Bill Bruce crafted an innovative pet-management strategy in his native Canada that dramatically reduced the number of dog attacks. Laura Greaves met him to discover how his “Calgary Model” could replace Victoria’s controversial breed-specific legislation.
There is perhaps no example of pet-related lawmaking more problematic, robustly debated or passionately opposed than breed specific legislation (BSL).
Enacted in Victoria after the dog attack death of four-year-old Ayen Chol in Melbourne in 2011, BSL gives local councils the power to seize and euthanise restricted-breed dogs. (All Australian states prohibit ownership of certain dog breeds, but these laws have arguably been most controversially enforced in Victoria.) Under BSL, an individual dog may be declared a restricted breed after assessment against a visual checklist that critics claim is at best ambiguous and confusing, and at worst dangerously incorrect.
While Victoria bans ownership of five breeds, the breed owned in greatest numbers and therefore most commonly affected by BSL is the American Pit Bull Terrier, as well other dogs of other breeds that have been incorrectly declared restricted because of their “Pit Bull-type” appearance.
The process of appeal against a restricted breed declaration is lengthy and complex, and many owners of so-called restricted-breed dogs have been unable to save the lives of their beloved family pets. Some, however, have fought for their dogs’ freedom in the supreme and even high courts, forcing councils to spend hundreds of thousands of ratepayers’ dollars on legal fees. Meanwhile, the number of dog bites and attacks continues to rise. The Victorian government has even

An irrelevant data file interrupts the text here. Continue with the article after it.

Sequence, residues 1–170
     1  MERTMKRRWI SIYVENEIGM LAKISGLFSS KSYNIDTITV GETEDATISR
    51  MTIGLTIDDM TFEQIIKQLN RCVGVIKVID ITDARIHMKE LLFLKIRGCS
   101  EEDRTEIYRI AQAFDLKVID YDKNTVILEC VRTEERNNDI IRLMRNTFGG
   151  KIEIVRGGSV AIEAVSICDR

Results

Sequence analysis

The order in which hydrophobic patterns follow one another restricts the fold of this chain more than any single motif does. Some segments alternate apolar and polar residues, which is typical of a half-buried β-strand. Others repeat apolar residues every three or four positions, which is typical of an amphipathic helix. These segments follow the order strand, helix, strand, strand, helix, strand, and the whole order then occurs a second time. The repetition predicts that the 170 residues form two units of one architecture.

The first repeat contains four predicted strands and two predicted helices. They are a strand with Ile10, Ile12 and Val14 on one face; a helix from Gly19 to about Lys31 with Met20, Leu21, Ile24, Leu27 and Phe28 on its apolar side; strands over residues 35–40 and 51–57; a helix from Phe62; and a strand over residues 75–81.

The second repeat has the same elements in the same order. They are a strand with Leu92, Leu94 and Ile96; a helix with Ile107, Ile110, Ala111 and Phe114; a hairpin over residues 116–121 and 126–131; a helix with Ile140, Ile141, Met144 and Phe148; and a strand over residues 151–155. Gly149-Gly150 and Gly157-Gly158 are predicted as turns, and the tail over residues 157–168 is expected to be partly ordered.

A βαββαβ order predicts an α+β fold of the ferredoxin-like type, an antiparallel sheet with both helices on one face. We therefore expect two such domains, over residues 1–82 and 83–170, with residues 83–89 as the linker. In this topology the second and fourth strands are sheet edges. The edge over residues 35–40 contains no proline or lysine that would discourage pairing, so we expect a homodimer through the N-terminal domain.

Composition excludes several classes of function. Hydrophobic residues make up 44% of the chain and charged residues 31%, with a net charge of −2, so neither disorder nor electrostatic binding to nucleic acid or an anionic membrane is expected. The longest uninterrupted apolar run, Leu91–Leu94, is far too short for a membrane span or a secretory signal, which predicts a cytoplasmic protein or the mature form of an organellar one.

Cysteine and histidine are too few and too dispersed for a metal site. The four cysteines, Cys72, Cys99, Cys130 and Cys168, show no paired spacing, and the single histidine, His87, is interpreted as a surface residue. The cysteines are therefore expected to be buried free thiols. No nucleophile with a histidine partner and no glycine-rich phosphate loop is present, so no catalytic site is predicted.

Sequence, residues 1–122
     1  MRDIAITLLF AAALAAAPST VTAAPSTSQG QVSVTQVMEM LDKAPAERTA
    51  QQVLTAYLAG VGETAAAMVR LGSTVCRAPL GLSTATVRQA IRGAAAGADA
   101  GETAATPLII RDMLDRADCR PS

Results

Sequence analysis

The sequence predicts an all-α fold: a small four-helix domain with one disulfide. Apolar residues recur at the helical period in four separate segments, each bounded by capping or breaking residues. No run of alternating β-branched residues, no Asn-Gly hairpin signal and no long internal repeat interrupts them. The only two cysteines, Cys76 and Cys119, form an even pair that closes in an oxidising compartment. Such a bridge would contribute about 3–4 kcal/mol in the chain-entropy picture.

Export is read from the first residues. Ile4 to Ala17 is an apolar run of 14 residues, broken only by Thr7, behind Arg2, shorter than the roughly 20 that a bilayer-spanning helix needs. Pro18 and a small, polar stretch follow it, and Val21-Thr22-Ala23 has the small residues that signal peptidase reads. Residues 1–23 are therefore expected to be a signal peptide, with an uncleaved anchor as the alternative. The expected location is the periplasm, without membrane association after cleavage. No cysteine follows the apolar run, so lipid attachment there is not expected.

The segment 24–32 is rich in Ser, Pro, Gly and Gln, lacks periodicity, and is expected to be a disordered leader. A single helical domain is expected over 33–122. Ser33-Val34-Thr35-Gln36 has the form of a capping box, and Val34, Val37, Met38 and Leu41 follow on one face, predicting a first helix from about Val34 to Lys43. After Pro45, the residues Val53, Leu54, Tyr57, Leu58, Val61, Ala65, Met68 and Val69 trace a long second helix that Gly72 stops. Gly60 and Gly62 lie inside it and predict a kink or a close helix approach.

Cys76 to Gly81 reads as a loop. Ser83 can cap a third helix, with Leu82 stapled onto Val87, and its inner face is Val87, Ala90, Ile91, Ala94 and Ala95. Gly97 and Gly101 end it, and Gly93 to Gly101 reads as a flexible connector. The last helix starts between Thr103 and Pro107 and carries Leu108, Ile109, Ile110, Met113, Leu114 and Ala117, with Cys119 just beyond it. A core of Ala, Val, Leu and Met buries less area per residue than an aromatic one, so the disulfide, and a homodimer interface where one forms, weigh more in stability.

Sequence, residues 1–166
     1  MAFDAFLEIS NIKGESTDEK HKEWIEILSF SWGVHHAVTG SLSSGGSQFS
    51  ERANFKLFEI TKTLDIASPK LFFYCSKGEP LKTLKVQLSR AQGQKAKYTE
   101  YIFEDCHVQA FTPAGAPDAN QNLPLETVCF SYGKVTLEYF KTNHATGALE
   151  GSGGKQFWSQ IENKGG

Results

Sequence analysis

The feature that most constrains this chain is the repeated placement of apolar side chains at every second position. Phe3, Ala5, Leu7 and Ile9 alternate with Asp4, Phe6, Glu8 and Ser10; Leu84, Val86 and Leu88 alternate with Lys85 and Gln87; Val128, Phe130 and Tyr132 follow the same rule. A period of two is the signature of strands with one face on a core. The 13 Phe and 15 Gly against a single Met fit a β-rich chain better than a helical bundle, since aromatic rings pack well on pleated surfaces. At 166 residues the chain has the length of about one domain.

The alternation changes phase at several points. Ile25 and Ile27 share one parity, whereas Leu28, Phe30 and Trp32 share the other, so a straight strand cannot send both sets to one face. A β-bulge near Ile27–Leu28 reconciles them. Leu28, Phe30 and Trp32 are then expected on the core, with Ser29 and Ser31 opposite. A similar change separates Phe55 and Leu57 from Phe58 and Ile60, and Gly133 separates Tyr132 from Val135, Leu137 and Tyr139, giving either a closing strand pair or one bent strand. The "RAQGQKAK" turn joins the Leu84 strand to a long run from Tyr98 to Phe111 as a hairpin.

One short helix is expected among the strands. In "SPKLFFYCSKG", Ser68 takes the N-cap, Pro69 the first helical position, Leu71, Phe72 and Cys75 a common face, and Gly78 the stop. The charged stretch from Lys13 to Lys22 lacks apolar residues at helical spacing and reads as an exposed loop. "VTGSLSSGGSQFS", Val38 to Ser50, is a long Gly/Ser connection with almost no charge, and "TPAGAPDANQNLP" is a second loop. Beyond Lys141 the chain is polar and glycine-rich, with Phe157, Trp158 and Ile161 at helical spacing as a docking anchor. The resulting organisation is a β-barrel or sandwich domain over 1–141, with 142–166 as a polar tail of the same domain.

conceded that BSL may not be effective, with current premier Daniel Andrews campaigning on a promise to review the legislation if elected. A Parliamentary Inquiry was undertaken earlier this year, with results as yet undecided at time of going to print.
While proponents of BSL may acknowledge its flaws, they argue that no better option exists to reduce the incidence of dog bites. But there is an alternative. It’s called the Calgary Model.
Among anti-BSL campaigners around the world, Bill Bruce is something of a celebrity. As the former director of Animal and Bylaws Services at Canada’s Calgary City Council, Bruce was the architect of bylaws promoting responsible dog ownership that saw the number of dog attacks in the city fall to its lowest level in 25 years.
Could it work here?
Could the Calgary Model work in place of Victoria’s beleaguered BSL? Absolutely, says Bruce.
“Governments are trying to create communities that are safer for pets and for people and BSL creates the illusion that they’re doing that, but I don’t think I’ve ever seen BSL be successful,” he says. “The first step is a) be honest, and b) listen. People want to be part of something if they’re taken seriously. Don’t ever pay the community lip service. If you make a mistake you have to say, ‘I’m sorry, I made a mistake.’”
Want to know more? This original article was published in DOGS Life issue 138. Click here to purchase the issue or subscribe to the magazine.